They were not bad judges, too, for the sight of the patchwork fields of Wasdale Head nearly 3,000 feet below, the ring of the highest mountains in Lakeland all around, with Wastwater flanked by the frowning Screes, and the sea in the distance, is always a memorable picture. To-day the precipice below the cairn also bears the name of Westmorland Crags, and a rock climbing route up the centre is called Westmorland Ridge. This was young Horaces' legacy and he made full use of it. At eight years of age he went up Crossfell, the great, sprawling Pennines peak above the home of his ancestors and later the same year we find him scrambling along Striding Edge.
Each summer after that he and his father and their family and friends scrambled, camped, rowed, sailed and walked the fells, and when he was 11 years of age the boy first saw and met real climbers—with ropes. They were a formidable party: Haskett-Smith, the first man to climb Napes Needle; John Wilson Robinson, the Cumbrian whose memorial is the cairn on the High Level Route to Pillar; and Geoffrey Hastings and Ellis Carr, two very prominent mountaineers. They had just been " looking at the big gully of Tarn Crag on Dollywaggon Pike without success, but the following year, fired with a new enthusiasm for verticality, the young Horace,again with his father, managed to get about 20 feet up the great unclimbed pitch.
The climb remained a challenge to the boy and 12 years later, as a young man of 24, he succeeded in leading his two cousins in the first ascent of the whole route. And a few days later Horace Westmorland led the same party up the upper part of the route on Dove Crag which has now been renamed Westmorland's Route in acknowledgment of Rusty's contributions to climbing in this, as well as in other, areas. As a boy of 15 young Horace had been taken—again by his father—to the summit of Pillar Rock by way of the easy Slab and Notch route, and exactly 50 years later, in 1951, Col Westmorland achieved his great ambition by making a jubilee ascent of the Rock.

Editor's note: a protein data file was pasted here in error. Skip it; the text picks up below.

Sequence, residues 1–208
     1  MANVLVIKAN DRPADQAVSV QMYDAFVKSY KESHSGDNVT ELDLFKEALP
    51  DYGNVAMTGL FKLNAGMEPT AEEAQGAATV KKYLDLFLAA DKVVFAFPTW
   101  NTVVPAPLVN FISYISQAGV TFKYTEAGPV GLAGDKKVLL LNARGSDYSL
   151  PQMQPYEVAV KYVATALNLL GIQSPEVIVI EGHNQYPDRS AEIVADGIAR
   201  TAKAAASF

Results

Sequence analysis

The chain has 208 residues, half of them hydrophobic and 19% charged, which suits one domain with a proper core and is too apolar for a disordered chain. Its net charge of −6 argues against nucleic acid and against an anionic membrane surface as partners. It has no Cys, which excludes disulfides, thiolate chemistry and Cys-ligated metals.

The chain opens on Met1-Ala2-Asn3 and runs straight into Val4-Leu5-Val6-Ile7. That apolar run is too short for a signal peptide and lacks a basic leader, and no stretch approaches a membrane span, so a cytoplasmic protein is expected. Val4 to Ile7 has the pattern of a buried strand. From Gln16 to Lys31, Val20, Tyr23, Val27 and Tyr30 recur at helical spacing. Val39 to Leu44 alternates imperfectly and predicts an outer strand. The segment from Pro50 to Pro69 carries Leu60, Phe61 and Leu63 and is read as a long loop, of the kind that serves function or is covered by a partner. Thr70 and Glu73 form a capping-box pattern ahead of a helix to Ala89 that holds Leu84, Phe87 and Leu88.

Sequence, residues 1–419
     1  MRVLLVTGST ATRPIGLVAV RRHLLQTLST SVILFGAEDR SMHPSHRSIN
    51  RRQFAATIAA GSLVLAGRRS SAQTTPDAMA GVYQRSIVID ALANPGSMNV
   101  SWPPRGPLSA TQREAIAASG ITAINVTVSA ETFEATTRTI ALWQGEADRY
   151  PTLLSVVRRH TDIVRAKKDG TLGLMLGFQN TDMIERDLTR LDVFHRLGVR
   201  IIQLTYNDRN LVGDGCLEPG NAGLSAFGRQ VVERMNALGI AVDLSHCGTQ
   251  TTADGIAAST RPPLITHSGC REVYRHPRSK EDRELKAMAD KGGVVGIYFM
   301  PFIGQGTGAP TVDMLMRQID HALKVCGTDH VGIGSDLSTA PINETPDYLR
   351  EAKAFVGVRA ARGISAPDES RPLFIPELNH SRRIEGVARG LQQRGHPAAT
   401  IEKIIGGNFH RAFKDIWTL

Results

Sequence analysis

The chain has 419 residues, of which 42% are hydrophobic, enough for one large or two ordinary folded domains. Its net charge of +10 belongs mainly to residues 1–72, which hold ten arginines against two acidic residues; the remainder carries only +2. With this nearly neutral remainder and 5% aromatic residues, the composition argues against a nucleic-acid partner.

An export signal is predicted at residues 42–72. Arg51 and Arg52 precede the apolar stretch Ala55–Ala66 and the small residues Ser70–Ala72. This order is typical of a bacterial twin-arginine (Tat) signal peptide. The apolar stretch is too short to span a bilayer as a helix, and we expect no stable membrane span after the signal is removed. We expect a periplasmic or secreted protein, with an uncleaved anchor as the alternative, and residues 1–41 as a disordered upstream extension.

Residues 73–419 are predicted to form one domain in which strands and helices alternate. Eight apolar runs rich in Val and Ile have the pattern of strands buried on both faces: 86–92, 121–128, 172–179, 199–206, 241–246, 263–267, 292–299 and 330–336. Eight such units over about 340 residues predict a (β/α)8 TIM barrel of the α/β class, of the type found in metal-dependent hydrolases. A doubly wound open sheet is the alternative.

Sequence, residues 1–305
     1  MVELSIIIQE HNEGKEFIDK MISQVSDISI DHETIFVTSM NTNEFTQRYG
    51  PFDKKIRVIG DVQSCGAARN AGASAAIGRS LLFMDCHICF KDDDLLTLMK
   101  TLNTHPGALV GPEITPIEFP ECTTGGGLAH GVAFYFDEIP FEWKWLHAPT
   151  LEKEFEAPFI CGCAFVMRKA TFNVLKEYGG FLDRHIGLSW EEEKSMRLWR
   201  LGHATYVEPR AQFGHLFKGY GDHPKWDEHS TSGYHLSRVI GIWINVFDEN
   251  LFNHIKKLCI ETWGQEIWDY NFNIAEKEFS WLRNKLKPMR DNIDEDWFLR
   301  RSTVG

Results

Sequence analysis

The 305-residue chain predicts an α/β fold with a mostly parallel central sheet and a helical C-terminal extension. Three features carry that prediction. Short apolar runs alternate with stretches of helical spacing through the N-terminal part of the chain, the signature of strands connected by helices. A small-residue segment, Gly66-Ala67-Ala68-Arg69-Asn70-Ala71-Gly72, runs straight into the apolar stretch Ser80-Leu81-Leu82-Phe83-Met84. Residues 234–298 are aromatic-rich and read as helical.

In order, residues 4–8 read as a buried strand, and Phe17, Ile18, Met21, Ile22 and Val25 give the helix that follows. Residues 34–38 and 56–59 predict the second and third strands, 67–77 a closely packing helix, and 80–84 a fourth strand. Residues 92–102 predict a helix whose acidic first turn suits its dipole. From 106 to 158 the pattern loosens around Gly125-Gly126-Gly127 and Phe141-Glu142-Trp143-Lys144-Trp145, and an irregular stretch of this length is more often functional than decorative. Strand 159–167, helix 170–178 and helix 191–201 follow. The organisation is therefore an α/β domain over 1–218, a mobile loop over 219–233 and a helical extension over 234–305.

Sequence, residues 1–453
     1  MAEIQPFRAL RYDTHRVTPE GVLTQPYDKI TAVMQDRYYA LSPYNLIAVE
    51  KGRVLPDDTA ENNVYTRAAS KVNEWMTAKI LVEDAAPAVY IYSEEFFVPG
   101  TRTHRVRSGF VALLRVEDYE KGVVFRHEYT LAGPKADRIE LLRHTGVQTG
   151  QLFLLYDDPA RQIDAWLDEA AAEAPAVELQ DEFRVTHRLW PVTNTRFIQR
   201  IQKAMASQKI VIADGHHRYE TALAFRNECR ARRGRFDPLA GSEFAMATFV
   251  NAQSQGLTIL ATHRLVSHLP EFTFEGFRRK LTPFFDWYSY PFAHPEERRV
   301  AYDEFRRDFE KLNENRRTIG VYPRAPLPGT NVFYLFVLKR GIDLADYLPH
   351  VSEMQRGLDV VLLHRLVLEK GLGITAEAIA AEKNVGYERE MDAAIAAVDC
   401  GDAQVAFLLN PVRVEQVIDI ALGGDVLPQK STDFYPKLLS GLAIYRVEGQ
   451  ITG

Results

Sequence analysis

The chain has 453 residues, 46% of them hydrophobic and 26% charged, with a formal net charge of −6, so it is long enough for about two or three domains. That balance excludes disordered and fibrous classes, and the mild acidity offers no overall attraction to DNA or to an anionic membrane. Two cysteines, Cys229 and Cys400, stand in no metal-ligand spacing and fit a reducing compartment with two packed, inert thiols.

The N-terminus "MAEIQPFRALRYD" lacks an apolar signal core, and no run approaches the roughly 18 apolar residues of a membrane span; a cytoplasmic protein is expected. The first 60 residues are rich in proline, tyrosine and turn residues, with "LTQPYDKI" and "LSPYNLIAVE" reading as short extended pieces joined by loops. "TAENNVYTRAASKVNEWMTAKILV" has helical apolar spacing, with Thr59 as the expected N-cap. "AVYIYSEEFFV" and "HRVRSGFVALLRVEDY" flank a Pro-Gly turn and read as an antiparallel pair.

The route chosen on this occasion was the considerably harder North Climb which Rusty, then 65 years of age, led throughout without any difficulty. The event being fittingly celebrated on the summit with a bottle of wine. Since that day, eight years ago, the old warrior, who looks no more than a cheery 60, seems to have been climbing increasingly harder things, to the frequent embarrassment and shame of companions only half his age. And yet, 15 years ago, this same man, after 31 years service in the Canadian Army and half a lifetime of surveying, climbing and skiing in the Rockies and other exciting places, had been invalided home to England, and told to take things easy in his retirement.
Rusty Westmorland standing next to the eponymous Cairn on Great Gable. Image supplied by Frank Grant
Already his remarkable fitness is becoming legendary. That and his gallant penchant for the company of young lady climbers and his affection for steep rocks remains unabated. " The weather doesn't bother me," he told me the other day, " and I don't mind steep, exposed stuff on tiny holds. But I don't like too many of these arm pulls. Overhangs seem to be harder these days."
AH Griffin: First Published in Cumbria Life-February 1960